About the Exhibition
Marker for Malevich consists of five artworks stationed around Cadman Plaza Park in Brooklyn. Marsha Pels’s Amaranth consists of two units of steel reinforcement rods painted silver and occupying a space of 25’ x 3’ x 5’. Hank de Ricco’s No Regrets comprises approximately twenty 9’ high metal poles stuck into the ground. Brit Bunkley’s 77” x 36” concrete cube-like structure, Marker for a Forked Path, weighs approximately 2,500 pounds. The structure was placed on a concrete floor and poured into the ground by the artist. Wenda Habenicht created Mock Playground, an 8’ x 8’ x 3’ wooden slide-like sculpture stabilized with right-angle bars and metal or wooden poles spiked into the ground. The final piece, an untitled work by Robert Ressler, is a carved wooden sculpture of 11’ x 20” x 20”. It stands on a 20” x 20” concrete base with the wood base of the sculpture fitting into two pins coming from the concrete.
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Brit Bunkley, Wenda Habenicht, Marsha Pels, Robert Ressler, Hank de Ricco
Brit Bunkley, Triangular Monument
Brit Bunkley (USA) describes Triangular Monument as being “loosely based on a British folly known as the Triangular Lodge—a three-sided structure built in 1593. It is a once-functional hunting lodge in which nearly every aspect, from the number of gables to the number of letters of its Latin inscriptions, relates to the number three. It was built by Sir Thomas Tresham, [who was] born into a Catholic family that turned Protestant as a political necessity during the Reformation. He was secretly educated as a Catholic. The life of secrecy evidently went to his head and he became obsessed with the Holy Trinity. As an adult this obsession became manifest in this hermetic monument to the number three. It is a complex building that has been called by historians a progenitor of Rationalist architecture.
“After visiting the site, with its triangular grassy areas and the predominant red triangle over the entrance of the (Neo-rationalist) Polytechnic University Library, I thought that some sort of triangular sculpture in the tradition of the Triangular Lodge might be fitting for the site. Symbolically the number three is perhaps the most loaded of all numbers. Virtually all the world’s religions have significant trinities in their mythological orders from the three person Ashanti’s moon goddess to the Celtic “Three Blessed Ladies” to the Buddhist’s “Three Precious Jewels.” For Pythagoras, for whom numbers represent the origin of all things, three is the symbol of completion. The astronomer Johannes Kepler thought there was a relationship (erroneously) between the five “Pythagorean” (or “platonic”) solids and the distances of the planets from the Sun as proscribed by the “Hand of God, Geometer.” The Pythagorean solids that represented the four earthly elements and a fifth heavenly element in ancient Greek times were made up of regular polygons, themselves made up of triangles.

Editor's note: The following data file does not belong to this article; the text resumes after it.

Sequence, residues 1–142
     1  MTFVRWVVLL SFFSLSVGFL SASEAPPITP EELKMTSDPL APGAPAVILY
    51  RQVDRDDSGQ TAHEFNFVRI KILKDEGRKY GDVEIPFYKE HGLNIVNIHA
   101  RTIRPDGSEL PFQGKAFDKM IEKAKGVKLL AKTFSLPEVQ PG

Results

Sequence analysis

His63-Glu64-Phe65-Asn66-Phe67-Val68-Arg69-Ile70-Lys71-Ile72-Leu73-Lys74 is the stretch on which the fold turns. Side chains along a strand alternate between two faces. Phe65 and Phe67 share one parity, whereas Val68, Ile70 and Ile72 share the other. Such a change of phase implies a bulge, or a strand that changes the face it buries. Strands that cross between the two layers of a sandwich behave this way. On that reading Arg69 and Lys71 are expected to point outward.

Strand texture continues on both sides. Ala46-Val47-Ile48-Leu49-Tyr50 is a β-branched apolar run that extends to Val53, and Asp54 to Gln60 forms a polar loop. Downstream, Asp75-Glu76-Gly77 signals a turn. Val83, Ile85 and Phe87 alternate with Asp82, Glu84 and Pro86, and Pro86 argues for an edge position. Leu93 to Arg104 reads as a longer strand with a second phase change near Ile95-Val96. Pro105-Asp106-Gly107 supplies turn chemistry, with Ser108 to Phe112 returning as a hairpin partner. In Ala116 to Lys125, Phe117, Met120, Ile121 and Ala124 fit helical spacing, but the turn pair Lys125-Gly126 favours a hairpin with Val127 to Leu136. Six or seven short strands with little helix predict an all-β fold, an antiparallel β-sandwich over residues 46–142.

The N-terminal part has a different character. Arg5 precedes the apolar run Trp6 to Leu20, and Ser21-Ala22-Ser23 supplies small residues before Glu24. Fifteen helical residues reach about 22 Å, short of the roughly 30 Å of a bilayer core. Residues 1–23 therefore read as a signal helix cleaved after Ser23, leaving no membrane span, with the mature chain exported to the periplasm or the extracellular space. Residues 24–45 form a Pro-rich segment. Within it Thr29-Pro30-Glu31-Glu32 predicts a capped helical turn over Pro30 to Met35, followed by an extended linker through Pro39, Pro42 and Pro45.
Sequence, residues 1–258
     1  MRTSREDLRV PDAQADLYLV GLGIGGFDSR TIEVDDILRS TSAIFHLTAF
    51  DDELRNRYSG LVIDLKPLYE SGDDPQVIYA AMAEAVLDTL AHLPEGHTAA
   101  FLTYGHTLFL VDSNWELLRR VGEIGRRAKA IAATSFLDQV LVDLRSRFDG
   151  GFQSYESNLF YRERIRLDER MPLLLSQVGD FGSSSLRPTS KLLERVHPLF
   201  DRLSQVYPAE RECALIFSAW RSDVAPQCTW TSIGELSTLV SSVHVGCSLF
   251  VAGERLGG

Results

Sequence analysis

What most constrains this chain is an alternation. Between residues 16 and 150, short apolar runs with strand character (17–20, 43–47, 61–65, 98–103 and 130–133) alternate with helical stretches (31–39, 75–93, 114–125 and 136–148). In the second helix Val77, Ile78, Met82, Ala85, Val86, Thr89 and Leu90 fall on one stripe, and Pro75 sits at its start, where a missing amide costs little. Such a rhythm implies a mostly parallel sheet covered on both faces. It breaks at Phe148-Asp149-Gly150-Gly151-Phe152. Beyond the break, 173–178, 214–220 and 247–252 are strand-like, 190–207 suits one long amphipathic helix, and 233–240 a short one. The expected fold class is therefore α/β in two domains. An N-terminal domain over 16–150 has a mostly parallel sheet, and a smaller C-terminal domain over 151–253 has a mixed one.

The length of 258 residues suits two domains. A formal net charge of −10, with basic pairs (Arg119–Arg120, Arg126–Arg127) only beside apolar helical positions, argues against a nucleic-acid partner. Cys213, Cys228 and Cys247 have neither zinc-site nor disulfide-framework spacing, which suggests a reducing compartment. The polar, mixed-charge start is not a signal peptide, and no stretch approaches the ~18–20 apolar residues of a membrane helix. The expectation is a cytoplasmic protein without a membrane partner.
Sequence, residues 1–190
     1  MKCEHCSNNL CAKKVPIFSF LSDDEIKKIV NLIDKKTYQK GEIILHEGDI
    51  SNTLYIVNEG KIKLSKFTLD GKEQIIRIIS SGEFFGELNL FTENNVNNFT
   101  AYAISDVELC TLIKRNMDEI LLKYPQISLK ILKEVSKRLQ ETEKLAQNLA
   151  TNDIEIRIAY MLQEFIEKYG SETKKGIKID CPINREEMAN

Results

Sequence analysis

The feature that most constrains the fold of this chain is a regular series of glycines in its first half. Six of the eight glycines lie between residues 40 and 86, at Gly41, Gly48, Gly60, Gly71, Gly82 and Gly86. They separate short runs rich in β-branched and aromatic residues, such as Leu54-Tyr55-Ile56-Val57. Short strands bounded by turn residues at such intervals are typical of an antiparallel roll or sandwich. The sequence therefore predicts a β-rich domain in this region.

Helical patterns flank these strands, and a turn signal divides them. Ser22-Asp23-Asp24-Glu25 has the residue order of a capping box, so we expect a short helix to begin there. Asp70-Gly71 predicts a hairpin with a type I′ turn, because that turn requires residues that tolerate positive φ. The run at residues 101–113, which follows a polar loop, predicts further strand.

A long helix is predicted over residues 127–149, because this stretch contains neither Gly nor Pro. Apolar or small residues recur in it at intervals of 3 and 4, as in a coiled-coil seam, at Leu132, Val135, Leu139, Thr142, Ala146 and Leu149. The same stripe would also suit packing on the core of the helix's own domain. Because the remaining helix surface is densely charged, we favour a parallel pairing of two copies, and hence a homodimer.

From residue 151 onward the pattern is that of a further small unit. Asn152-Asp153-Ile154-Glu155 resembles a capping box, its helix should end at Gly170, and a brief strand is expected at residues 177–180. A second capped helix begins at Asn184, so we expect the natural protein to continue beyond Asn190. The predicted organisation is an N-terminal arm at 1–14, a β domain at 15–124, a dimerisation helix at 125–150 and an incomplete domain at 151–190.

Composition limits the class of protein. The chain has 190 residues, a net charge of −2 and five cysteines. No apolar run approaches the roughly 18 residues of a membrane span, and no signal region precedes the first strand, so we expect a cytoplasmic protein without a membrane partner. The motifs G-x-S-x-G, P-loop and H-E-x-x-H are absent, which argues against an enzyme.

“My 171” x 57” Triangular Monument incorporates as many aspects of the number three as possible as well as images that refer to the scientific, technological, and high finance interests of MetroTech Center. The images in the square ‘windows’ on the top third tier include iconic abstractions of a silicon chip, a Pythagorean solid, a bar code, the chemical symbols of the ternary of Alchemy, and two variations of the plaque aboard the Pioneer 10 and 11 spacecraft featuring the third planet from the sun and the symbol the spacecraft itself. In the six-sided polygon on the second tier stand in relief a variation of the number nine, the number three, and a 93—standing for this year, 1993, as well as the 93 on the façade of the Triangular Lodge that refers to 1593, its building date.”
Supported by the Public Art Fund, Inc., which is supported, in part, by an anonymous contribution, and by grants from the National Endowment for the Arts, the New York State Council on the Arts and the New York City Department of Cultural Affairs.